A solemn hush sweeps across the room as the painting finds its bearings on the wall and the preparators step away. A year of planning and waiting is finally over. Or it would be if the painting weren't slanted down and to the right.
"Let's get everyone on it and get the weight off it," directs Sudolcan with conviction.
There is a rush of movement and adjustment, the preparators' black-gloved hands working with studied stealth.
"Better?" one asks.
Yes, Beeny nods, a smile captures her lips as her excitement at this moment bursts through.
"Now lets get some light on it!" declares Sudolcan. From Cézanne to Manet to Whistler, this has become the evening's most well-worn phrase.
An American living in Paris, "Whistler's Mother" has not visited Southern California since 1933 when she was 72 years old and put on view at the Los Angeles County Museum of History, Science, and Art in Exposition Park (now the Natural History Museum). The passage of time has not changed her and she still wears the same outfit: a simple long-sleeved dress of midnight black with white lace cuffs and a plain white bonnet.
Whistler painted his mother, Anna, in 1871 when she was living with him in London's Chelsea. The Musée du Luxembourg acquired the piece in 1891 and it went on to be the first American painting to hang at the Louvre. Whistler, who struggled financially, had briefly handed his work over for credit after it met with a lukewarm reception at the Royal Academy of Art.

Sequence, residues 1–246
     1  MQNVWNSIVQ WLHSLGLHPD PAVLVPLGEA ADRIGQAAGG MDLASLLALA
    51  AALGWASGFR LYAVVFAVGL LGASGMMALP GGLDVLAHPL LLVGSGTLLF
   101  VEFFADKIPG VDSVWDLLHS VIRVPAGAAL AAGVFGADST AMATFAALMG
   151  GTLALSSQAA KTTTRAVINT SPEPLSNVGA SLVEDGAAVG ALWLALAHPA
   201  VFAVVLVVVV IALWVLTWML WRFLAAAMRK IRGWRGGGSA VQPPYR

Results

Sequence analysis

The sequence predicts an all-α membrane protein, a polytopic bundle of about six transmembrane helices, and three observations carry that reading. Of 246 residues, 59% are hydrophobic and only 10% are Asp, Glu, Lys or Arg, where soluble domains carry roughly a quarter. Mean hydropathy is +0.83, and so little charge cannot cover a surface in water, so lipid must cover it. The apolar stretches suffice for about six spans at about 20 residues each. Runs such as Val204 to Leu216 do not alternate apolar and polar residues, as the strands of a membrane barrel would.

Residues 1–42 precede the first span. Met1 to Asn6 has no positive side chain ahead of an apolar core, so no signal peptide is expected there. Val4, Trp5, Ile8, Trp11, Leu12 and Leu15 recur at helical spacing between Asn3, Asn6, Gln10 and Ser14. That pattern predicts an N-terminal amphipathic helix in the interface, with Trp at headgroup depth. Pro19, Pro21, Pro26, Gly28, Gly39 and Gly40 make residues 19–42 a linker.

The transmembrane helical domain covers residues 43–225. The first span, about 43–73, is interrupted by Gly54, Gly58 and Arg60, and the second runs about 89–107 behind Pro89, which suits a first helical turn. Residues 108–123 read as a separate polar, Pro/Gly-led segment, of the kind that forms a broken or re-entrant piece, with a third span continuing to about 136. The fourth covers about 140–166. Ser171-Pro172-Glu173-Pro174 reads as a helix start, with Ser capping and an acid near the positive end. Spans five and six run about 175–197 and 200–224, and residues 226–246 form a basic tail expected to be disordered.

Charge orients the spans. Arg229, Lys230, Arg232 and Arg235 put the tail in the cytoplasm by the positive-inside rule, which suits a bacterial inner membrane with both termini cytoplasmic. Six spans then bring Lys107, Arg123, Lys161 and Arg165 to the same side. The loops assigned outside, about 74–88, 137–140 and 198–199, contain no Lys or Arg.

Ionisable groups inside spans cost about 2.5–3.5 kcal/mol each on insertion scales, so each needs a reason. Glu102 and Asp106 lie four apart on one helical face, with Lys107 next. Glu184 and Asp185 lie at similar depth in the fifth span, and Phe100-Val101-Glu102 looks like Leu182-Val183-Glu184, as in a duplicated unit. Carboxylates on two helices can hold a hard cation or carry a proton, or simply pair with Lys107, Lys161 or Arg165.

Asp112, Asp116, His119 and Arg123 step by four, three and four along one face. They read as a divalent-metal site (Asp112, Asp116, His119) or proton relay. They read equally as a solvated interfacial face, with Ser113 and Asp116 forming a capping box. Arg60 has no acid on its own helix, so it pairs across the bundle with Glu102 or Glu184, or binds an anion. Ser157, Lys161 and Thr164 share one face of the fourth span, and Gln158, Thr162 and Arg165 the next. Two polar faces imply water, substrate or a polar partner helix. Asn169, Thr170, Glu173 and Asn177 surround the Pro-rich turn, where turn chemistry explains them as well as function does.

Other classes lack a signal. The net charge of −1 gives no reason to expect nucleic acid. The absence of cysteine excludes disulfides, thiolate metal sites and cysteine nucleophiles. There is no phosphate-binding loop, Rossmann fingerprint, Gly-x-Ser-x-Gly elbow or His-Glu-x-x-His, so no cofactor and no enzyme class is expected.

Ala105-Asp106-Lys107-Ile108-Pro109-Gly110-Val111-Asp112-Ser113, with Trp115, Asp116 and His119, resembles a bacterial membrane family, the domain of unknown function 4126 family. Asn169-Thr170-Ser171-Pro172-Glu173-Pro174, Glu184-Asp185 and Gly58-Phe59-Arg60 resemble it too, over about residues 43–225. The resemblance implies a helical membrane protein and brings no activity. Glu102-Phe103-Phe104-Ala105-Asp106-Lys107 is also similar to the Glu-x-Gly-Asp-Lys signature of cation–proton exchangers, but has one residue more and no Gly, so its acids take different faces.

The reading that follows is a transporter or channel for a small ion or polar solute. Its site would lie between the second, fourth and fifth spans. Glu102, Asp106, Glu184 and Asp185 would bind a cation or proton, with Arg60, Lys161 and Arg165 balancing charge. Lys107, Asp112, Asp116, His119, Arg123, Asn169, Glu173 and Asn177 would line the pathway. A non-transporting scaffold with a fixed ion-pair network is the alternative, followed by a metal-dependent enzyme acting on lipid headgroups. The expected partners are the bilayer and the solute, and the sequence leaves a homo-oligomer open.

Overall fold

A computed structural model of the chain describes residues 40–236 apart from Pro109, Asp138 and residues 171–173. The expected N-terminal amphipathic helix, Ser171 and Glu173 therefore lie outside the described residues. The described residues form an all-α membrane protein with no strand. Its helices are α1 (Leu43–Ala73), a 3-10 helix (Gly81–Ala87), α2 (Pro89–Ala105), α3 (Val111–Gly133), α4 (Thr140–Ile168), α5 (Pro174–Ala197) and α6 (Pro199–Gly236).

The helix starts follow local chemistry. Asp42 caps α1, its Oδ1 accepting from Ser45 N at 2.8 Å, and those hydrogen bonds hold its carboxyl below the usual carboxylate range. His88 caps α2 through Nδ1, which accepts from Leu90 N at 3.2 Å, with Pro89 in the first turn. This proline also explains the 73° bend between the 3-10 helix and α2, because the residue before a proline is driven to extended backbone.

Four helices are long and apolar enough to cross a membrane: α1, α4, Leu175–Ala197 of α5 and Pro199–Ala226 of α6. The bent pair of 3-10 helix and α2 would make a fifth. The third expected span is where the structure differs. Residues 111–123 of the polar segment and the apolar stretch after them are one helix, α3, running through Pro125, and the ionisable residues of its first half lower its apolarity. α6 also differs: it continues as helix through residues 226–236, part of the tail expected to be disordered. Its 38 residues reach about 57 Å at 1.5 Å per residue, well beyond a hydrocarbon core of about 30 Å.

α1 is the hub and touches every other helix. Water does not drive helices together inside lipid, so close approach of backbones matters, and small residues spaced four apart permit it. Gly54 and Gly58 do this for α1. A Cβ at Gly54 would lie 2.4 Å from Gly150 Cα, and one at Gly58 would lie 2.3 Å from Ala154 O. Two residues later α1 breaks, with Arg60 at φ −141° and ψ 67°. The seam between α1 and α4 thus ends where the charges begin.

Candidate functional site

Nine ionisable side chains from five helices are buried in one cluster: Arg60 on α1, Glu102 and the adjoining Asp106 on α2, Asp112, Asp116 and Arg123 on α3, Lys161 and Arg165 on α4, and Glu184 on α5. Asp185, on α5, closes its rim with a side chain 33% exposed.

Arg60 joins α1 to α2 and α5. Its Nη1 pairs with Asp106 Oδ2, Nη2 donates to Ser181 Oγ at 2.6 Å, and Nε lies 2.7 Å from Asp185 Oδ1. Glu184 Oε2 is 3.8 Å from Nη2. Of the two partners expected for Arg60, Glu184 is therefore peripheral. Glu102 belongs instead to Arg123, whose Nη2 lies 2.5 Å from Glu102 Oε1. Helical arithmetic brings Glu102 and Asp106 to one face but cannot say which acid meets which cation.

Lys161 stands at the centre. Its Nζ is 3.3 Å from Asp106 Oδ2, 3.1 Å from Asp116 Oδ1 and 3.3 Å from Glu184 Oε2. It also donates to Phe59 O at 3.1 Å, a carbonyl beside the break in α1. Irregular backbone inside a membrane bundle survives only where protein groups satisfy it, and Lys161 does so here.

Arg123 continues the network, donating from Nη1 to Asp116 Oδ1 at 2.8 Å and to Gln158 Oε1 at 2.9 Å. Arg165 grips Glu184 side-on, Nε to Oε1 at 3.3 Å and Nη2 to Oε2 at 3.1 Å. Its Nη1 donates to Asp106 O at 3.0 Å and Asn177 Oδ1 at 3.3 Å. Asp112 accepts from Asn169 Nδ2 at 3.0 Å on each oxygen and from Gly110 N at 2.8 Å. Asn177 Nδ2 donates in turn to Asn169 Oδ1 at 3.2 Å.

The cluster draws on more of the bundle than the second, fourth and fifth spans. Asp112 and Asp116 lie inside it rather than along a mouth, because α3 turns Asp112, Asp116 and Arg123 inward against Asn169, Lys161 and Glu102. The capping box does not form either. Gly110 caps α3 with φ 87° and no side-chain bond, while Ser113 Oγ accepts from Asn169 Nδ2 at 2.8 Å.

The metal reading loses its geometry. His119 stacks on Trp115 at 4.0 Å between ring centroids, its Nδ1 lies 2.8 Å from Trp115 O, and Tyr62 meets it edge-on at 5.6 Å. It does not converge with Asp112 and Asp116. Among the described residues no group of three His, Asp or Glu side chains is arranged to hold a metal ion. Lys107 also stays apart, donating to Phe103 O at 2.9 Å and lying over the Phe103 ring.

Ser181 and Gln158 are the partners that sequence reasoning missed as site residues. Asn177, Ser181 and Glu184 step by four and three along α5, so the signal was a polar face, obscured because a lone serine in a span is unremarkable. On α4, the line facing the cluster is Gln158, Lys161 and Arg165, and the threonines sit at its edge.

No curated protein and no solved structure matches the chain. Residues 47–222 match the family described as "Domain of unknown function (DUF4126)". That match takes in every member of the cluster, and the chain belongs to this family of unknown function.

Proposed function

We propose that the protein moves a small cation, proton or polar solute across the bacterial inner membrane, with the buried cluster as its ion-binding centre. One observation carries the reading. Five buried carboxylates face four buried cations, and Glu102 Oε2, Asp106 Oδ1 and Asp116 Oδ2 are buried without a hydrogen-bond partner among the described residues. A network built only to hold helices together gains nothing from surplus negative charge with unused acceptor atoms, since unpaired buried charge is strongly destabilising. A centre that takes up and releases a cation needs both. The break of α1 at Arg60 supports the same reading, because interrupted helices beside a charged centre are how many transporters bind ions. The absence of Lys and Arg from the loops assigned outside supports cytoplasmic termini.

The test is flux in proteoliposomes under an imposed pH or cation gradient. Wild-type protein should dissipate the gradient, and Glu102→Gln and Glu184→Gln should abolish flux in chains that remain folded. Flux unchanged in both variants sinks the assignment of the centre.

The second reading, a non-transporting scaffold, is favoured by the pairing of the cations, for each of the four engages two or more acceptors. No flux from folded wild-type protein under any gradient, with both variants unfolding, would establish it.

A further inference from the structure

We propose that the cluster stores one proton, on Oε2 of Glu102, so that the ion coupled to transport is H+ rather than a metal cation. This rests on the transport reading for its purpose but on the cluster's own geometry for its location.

On this trip the painting is making a single, three-month stop at the Norton Simon for the exhibition "Tête-à-tête." During that same time the Orsay will display its exchange students from Pasadena, Pierre-Auguste Renoir's "The Pont des Arts, Paris" (1867-68), Vincent van Gogh's "Portrait of a Peasant (Patience Escalier)" (1888) and Édouard Vuillard's "First Fruits" (1899).
The Norton Simon is not without experience in receiving, hanging and exhibiting visiting dignitaries — it has a regular loan program with the Frick Collection in New York and Washington's National Gallery of Art — but flying masterpieces of this stature across the Atlantic is no simple feat. More than a year of planning transpired between the museums to make the Orsay swap happen. There was security and insurance to see to, with Norton Simon receiving international indemnity from the U.S. government to prevent it from losing its smock should something happen to the paintings during their journey.
The artworks arrived at the museum late last week from an undisclosed airport. For security reasons, the museum will not name the airport or provide details about how the paintings were transported to the museum, only that a special team of movers is often brought on for that process.
Once the paintings arrived, the preparators took over, under the guidance of Sudolcan.